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Front. Cell. Infect. Microbiol., 08 July 2022
Sec. Fungal Pathogenesis
Volume 12 - 2022 |

Equine Histoplasmosis in Ethiopia: Phylogenetic Analysis by Sequencing of the Internal Transcribed Spacer Region of rRNA Genes

  • 1Aklilu Lemma Institute of Pathobiology, Addis Ababa University, Addis Ababa, Ethiopia
  • 2Department of Veterinary Medicine, College of Food and Agriculture, United Arab Emirates University, Al Ain, United Arab Emirates
  • 3College of Veterinary Medicine and Agriculture, Addis Ababa University, Debre Zeit, Ethiopia
  • 4Capacity Building, Biosciences for Eastern and Central Africa-International Livestock Research Institute (BecA-ILRI) Hub, Nairobi, Kenya

Equine histoplasmosis commonly known as epizootic lymphangitis (EL) is a neglected granulomatous disease of equine that is endemic to Ethiopia. It is caused by Histoplasma capsulatum variety farciminosum, a dimorphic fungus that is closely related to H. capsulatum variety capsulatum. The objective of this study was to undertake a phylogenetic analysis of H. capsulatum isolated from EL cases of horses in central Ethiopia and evaluate their relationship with H. capsulatum isolates in other countries and/or clades using the internal transcribed spacer (ITS) region of rRNA genes. Clinical and mycological examinations, DNA extraction, polymerase chain reaction (PCR), Sanger sequencing, and phylogenetic analysis were used for undertaking this study. Additionally, sequence data of Histoplasma isolates were retrieved from GenBank and included for a comprehensive phylogenetic analysis. A total of 390 horses were screened for EL and 97 were positive clinically while H. capsulatum was isolated from 60 horses and further confirmed with PCR, of which 54 were sequenced. BLAST analysis of these 54 isolates identified 29 H. capsulatum isolates and 14 isolates from other fungal genera while the remaining 11 samples were deemed insufficient for further downstream analysis. The phylogenetic analysis identified five clades, namely, African, Eurasian, North American 1 and 2, and Latin American A and B. The Ethiopian isolates were closely aggregated with isolates of the Latin American A and Eurasian clades, whereas being distantly related to isolates from North American 1 and 2 clades as well as Latin American B clade. This study highlights the possible origins and transmission routes of Histoplasmosis in Ethiopia.


Equine histoplasmosis is caused by H. capsulatum var. farciminosum which is a dimorphic fungus that is closely related to Histoplasma capsulatum variety capsulatum (H. capsulatum var. capsulatum), which is a causative agent of histoplasmosis in humans. H. capsulatum var. farciminosum has mycelia and yeast forms; the mycelial form lives in the soil in hot and humid areas while the yeast form is found in the lesions of infected equids. The zoonotic significance of H. capsulatum var. farciminosum has not been well investigated. However, there were reports of sporadic cases of humans that were not fully established by rigorous laboratory investigations (Al-Ani, 1999). Nonetheless, the World Organization for Animal Health (OIE, 2018) recommends that all laboratory procedures involving H. capsulatum var. farciminosum should be conducted with appropriate biosafety and containment procedures.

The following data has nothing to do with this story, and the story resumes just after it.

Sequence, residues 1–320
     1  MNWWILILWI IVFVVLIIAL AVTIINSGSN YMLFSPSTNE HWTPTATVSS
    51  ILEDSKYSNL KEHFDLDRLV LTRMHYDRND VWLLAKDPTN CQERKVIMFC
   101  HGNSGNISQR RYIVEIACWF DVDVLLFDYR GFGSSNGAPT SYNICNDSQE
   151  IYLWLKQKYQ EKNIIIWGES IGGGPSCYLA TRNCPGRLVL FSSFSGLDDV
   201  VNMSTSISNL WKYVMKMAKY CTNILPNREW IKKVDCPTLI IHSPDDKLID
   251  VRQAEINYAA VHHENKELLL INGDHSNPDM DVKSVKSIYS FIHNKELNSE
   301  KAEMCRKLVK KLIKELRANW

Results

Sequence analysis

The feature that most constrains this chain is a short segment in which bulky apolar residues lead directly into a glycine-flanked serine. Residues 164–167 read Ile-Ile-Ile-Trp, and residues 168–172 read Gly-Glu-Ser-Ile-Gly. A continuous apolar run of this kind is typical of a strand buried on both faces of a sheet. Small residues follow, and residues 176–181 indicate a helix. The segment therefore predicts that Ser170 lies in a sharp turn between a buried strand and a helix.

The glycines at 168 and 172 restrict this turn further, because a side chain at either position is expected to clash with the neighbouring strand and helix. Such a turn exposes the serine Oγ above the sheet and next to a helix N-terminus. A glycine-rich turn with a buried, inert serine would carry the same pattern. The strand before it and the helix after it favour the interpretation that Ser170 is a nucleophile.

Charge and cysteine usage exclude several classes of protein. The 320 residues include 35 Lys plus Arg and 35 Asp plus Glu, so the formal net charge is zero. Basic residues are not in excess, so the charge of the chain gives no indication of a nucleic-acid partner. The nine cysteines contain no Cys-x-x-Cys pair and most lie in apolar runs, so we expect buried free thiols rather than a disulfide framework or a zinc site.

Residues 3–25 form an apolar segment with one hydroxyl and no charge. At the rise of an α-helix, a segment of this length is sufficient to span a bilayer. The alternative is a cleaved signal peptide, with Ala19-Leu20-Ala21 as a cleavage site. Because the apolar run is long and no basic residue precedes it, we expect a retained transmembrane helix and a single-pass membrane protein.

Equine histoplasmosis, commonly known as epizootic lymphangitis (EL), is a contagious chronic disease of equines characterized clinically by a suppurative pyogranulomatous dermatitis and lymphangitis at the early stage, which later becomes ulcerate as the disease progresses (Singh, 1965; Radostits, 1994). In equids, EL can appear in cutaneous, ocular, or/and respiratory forms (Singh, 1965; Ameni, 2007). The cutaneous form occurs as a result of direct or indirect contact between traumatized skin and infected and/or contaminated substances. The conjunctival form is assumed to be transmitted by flies of the Musca or Stomoxys genera (Singh, 1965), while inhalation of the causative agent leads to the development pulmonary form.

Epidemiologically, EL occurs more frequently in tropical and subtropical regions than in temperate regions, which is due to the favorable environmental condition for the survival of the mycelial form of H. capsulatum var. farciminosum. It is endemic in north, east, and northeast Africa and in countries bordering the Mediterranean Sea, India, Pakistan, East Africa, and Japan (Selim et al., 1985; Guérin et al., 1992; OIE, 2008). However, there is scarcity of literature on the epidemiology of EL in the equine population of these countries except an indication of their endemicity to the disease. Furthermore, there is little or no information on the epidemiology of human histoplasmosis in the tropical and subtropical regions of the world although the climatic condition is conducive for the replication of Histoplasma. Additionally, little effort was made on the isolation and characterization of H. capsulatum varieties in general and H. capsulatum var. farciminosum in particular. Most of the studies conducted so far were performed on human histoplasmosis and its causative agents, i.e., H. capsulatum var. capsulatum and H. capsulatum var. duboisii. Hence, studies are needed on the epidemiology of equine histoplasmosis and H. capsulatum var. farciminosum. A study conducted in Ethiopia between January 2003 and June 2004 on 19,082 carthorses at 28 towns reported a prevalence of 18.8% indicating the widespread occurrence of the disease in Ethiopia (Ameni, 2006). In addition to affecting horses, the disease also affects mules, and a prevalence of 21% was recorded in 309 cart mules in western Ethiopia (Ameni and Terefe, 2004). The infection in mules was observed to be highly associated with tick infestation (Guérin et al., 1992; Ameni and Terefe, 2004).

On top of its economic impact, because of its chronic and debilitating nature, EL is characterized by causing severe welfare problem to equines. The disease poorly responds to treatment. Moreover, EL requires a longer duration, which is not attractive for the owners of equines.